Osawa: I would like to ask what Prof. Matsunaga and others asked about. Amongst the research supported by the Ministry of Health and Welfare, and Ministry of Education?, I have been cooperating with them on research I will talk about later in the seminar. But I have been told that my funds may be cut off next year, but I'd like you to please continue funding me. We talked about the advising research of this policy, but there has been a lot of information about the human genome research released on television and in newspapers. Often we have telephone calls from the general public, like "I'm going to be married, but among my relatives one has epilepsy. I've been told that if you look at my genes you can tell whether I will develop the disease or not. I'd like you to inform me." We often have telephone calls or consultations like this, even from doctors. So we can say that not just for the general public but also doctors as well there is a lot of lack of knowledge about genetics. Even in medical schools there are often no genetics courses, so we need to include courses on medical genetics in medical schools to educate doctors. We have given a lot of information to the public but we need to have an organisation or a method of giving them accurate information, to dispel any misinterpretations that they may have.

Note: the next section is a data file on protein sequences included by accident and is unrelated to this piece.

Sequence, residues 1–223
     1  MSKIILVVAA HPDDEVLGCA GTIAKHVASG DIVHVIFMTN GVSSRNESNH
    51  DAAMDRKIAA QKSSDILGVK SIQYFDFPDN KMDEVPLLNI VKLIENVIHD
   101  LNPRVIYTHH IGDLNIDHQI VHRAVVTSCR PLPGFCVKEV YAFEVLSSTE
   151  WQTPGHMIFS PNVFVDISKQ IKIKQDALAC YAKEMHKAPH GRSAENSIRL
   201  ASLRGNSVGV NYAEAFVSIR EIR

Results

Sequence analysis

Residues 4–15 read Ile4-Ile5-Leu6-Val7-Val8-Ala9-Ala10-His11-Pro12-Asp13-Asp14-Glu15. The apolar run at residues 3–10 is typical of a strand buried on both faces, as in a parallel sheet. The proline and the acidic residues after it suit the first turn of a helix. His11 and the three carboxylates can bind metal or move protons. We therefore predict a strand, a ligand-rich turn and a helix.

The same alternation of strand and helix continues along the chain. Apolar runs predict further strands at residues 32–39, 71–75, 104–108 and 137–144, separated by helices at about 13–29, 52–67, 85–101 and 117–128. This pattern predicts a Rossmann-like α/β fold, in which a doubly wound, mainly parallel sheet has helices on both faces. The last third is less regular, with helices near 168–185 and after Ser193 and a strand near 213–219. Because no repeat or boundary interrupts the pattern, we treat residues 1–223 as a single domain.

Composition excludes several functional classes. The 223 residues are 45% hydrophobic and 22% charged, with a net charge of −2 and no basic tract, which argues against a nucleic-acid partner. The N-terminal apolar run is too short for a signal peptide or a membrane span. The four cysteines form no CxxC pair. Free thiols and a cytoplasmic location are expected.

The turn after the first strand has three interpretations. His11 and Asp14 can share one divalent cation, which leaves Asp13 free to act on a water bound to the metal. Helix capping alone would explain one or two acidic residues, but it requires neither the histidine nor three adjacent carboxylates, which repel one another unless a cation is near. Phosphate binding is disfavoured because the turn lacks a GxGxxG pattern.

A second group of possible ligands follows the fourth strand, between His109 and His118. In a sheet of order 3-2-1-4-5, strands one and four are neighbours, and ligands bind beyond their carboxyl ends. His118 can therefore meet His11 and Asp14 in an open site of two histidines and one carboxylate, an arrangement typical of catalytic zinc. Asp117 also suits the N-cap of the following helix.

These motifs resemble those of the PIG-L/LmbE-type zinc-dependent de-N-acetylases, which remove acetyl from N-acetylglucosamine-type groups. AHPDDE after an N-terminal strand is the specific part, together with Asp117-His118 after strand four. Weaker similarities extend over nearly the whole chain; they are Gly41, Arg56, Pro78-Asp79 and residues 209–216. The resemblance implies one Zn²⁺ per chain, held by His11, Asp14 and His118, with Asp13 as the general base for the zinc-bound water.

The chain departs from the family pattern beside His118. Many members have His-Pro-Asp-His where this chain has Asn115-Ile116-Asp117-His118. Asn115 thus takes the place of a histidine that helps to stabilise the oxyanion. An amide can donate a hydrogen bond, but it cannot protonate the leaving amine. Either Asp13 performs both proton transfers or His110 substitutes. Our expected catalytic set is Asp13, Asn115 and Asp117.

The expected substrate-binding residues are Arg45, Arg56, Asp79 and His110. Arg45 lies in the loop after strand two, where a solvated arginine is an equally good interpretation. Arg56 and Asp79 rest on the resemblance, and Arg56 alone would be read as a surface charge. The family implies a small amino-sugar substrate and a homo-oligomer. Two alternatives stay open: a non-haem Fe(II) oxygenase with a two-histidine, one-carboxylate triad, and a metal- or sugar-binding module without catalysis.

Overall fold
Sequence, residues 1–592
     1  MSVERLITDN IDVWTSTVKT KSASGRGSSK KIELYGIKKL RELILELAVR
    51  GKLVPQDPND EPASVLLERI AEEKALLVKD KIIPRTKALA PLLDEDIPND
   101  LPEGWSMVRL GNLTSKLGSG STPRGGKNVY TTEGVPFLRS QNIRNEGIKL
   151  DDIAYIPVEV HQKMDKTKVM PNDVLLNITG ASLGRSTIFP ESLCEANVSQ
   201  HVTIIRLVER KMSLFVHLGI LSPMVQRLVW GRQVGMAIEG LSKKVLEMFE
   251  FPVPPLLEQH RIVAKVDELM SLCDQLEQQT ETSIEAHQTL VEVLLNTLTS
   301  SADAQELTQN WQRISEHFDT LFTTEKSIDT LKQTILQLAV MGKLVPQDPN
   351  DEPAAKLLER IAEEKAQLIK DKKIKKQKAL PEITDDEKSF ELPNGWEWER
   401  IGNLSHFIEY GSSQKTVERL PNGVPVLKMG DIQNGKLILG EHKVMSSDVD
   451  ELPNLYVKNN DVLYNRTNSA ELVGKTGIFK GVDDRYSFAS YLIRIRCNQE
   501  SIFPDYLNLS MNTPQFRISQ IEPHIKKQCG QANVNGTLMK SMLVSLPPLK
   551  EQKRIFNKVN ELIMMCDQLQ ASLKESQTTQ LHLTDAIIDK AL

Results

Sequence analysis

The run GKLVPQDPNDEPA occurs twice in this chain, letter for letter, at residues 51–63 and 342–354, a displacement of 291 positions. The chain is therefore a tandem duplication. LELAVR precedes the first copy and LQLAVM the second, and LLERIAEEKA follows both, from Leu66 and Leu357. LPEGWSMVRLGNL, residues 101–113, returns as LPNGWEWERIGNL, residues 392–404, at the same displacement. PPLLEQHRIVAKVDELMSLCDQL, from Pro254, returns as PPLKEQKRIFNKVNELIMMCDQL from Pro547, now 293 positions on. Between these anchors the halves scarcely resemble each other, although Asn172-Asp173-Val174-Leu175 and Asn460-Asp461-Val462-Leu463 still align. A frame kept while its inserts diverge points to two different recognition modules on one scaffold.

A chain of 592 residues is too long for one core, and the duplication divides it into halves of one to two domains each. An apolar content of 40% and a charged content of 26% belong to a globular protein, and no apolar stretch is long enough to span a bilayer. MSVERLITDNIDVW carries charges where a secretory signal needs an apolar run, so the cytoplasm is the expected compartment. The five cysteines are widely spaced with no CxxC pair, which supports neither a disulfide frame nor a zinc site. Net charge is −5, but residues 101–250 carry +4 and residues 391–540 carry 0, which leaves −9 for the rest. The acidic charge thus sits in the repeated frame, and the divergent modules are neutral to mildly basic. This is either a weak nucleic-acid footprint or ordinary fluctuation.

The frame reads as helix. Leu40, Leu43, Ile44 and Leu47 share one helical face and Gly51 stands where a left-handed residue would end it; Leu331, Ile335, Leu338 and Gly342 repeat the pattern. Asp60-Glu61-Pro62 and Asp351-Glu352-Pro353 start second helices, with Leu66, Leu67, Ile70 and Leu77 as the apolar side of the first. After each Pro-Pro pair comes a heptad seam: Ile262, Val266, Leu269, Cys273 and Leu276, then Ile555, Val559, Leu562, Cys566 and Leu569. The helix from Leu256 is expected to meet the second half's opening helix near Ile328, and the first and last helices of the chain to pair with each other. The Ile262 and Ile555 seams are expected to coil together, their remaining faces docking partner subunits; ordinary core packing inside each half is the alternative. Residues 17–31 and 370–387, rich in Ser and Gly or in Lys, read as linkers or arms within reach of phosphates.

Shoji: I'd like to ask Dr. Nakahara two things. You said that the administration at present does not feel that there is any special need to develop administrative methods to deal with the problems of genetic counseling or testing. I think that this is the opinion of the person responsible inside the administration, or the people overseeing them in parliament, rather than your opinion. But, I think that we do need some guidance. At present all the bioethics committees are dealing with these bioethical problems arising from genetic testing individually, but we need a kind of guidelines or some committee to be set up by the Ministry to deal with these from an overall point of view, or to publish a carefully considered report to set up guidelines. It may be inappropriate to ask Dr Nakahara about this, but I'd like to ask about the distribution of the genome research budget for ELSI issues. On the Ministry of Education side only 1% of the budget is for ELSI issues, compared to 3-5% in the United States. In the Ministry of Health and Welfare you are paying for some surveys, but what public offices or research organisations should have responsibility for the distribution of the budgets dealing with this kind of subjects and surveys or research?

Kondo: This is an international seminar so we don't want to become too involved in Japanese domestic problems. Dr Nakahara, you do not need to answer. Are there any other comments from a general point of view?